In a recent post, we discussed New York child support agreements and how the parties to a divorce may be able to agree to the payment and amount of child support rather than have the court make that determination. We also discussed a situation in which the court was likely to set aside a child support agreement. This week, we will take a more in-depth look into how courts view New York child support agreements.
As a general matter, a properly drafted New York child support agreement will remain enforceable over time. However, in reality, circumstances and relationships change, and it is not uncommon for either party to an agreement to ask the court to modify or set aside the agreement if they believe that it is no longer fair to them or to the children subject to the agreement.
The default law (for support orders made nowadays), unless people opt out of them is that either party to a child support order may seek to modify it: every three years; if income changes by 15% or more; or there has otherwise been a substantial change of circumstances. The parties to a properly drafted and executed written stipulation may opt of those first two reasons. If people have opted out of the default reasons to modify the agreement or the order predated the 2010 child support law, then the Courts will only grant a party’s request for an upward modification (meaning an increase in the child support obligation) if the requesting party can establish one of three circumstances:
- When it appears that the needs of the child are not being met;
- There has been an unanticipated change in circumstances, as well as a showing by the moving party that there is a need for modification; or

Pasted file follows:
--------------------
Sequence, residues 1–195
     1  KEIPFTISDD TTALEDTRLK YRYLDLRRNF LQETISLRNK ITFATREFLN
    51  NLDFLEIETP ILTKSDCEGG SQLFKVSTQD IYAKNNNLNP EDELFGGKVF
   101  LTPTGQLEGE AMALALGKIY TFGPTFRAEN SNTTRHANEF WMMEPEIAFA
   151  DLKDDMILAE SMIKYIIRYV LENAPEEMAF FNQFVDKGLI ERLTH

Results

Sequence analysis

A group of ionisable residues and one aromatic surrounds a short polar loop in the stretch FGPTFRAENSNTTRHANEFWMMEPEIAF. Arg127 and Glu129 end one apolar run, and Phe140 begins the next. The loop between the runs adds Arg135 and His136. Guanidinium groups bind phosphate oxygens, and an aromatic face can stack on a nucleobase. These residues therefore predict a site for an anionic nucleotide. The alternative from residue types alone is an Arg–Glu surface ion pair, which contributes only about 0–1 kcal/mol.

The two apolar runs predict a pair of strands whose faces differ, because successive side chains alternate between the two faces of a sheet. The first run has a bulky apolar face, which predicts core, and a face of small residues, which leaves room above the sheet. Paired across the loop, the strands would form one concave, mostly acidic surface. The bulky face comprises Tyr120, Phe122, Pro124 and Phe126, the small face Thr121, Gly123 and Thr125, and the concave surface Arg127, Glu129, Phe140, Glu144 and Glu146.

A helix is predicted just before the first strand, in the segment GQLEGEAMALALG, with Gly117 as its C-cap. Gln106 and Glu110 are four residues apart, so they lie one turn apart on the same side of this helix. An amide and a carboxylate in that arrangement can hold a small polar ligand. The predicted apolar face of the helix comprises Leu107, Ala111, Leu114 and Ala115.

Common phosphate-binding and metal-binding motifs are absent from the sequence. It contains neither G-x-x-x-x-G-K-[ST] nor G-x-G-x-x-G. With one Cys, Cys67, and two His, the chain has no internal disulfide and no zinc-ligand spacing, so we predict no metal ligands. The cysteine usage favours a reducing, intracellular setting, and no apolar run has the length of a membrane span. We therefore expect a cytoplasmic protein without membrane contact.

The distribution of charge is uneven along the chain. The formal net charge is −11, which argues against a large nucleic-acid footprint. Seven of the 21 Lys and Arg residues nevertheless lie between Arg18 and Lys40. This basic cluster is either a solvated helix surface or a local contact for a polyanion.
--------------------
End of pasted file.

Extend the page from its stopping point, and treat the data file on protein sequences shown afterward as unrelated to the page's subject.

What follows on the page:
- The agreement was unfair or inequitable when it was made.
A good illustration of a situation where a court refuses to modify a New York child support agreement is in the case, D.C. v. C.C..
The Facts of the Case
According to the court’s opinion, the Mother and Father were divorced and included a child support agreement in the settlement agreement. The child support agreement provided that Father would pay $1,750 per month, in addition to covering other specifically mentioned expenses. At the time the agreement was made, the couple’s child was two years old.
About 15 years later, Mother filed for a modification in Husband’s child support obligations. Mother argued that “it goes without saying” that the child’s needs have increased. Mother explained that the child had her own car, and that her “lifestyle and expenses have increased measurably” since the time the agreement was made.
The court rejected Mother’s request, noting that she failed to establish any of the three required circumstances that justify an upward modification of child support obligations. The court noted that Mother provided no evidence suggesting that the needs of the child were not being met, nor did she present any evidence that there was the need for an adjustment. The court explained that the plaintiff’s argument that the needs of the child increased merely due to her getting older was incorrect, and that some of the increase in expenses should have been anticipated at the time the agreement was signed.
Are You Contemplating an Increase in Child Support Obligations?
If you are thinking about requesting an upward modification of a New York child support order, or are facing an increase in child support obligations, contact us at the Law and Mediation Offices of Darren M. Shapiro. I am a dedicated Long Island family law attorney, divorce lawyer, and divorce mediator. I have extensive experience handling all aspects of New York family law, including child support agreements and modification requests. To learn how we can help you with your situation, call 516-333-6555 to schedule an initial consultation today. Up to the first half hour is free.
See Other Blog Posts:
What Sort of Issues Does a Good New York Prenuptial Agreement Cover?, Long Island Family Law and Mediation Blog, December 29, 2018
What’s the Difference Between Divorce Mediators and Review Attorneys?, Long Island Family Law and Mediation Blog, December 19, 2018